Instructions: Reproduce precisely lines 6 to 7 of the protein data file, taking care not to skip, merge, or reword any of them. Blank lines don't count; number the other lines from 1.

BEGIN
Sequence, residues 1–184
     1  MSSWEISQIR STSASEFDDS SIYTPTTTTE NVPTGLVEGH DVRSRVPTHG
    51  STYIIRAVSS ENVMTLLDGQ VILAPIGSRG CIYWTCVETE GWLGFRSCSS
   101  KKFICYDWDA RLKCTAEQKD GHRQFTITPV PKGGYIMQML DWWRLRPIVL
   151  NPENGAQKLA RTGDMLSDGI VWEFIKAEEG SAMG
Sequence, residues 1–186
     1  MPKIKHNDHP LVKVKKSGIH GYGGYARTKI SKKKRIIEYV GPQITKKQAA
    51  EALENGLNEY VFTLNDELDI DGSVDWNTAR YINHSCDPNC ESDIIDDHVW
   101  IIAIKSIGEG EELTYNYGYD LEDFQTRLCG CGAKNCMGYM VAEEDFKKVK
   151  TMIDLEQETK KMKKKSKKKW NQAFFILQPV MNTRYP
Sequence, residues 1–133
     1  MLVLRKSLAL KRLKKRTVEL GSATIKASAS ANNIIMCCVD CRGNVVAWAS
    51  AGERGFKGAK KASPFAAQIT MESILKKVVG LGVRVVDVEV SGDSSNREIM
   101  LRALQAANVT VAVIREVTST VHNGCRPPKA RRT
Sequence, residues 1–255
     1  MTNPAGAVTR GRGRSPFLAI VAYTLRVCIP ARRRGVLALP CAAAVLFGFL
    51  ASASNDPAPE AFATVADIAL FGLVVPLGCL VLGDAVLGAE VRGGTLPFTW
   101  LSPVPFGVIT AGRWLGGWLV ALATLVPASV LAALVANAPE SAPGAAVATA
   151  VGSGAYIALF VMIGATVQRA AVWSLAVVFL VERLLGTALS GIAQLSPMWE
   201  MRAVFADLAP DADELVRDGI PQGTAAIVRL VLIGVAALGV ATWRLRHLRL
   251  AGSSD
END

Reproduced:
Sequence, residues 1–186
     1  MPKIKHNDHP LVKVKKSGIH GYGGYARTKI SKKKRIIEYV GPQITKKQAA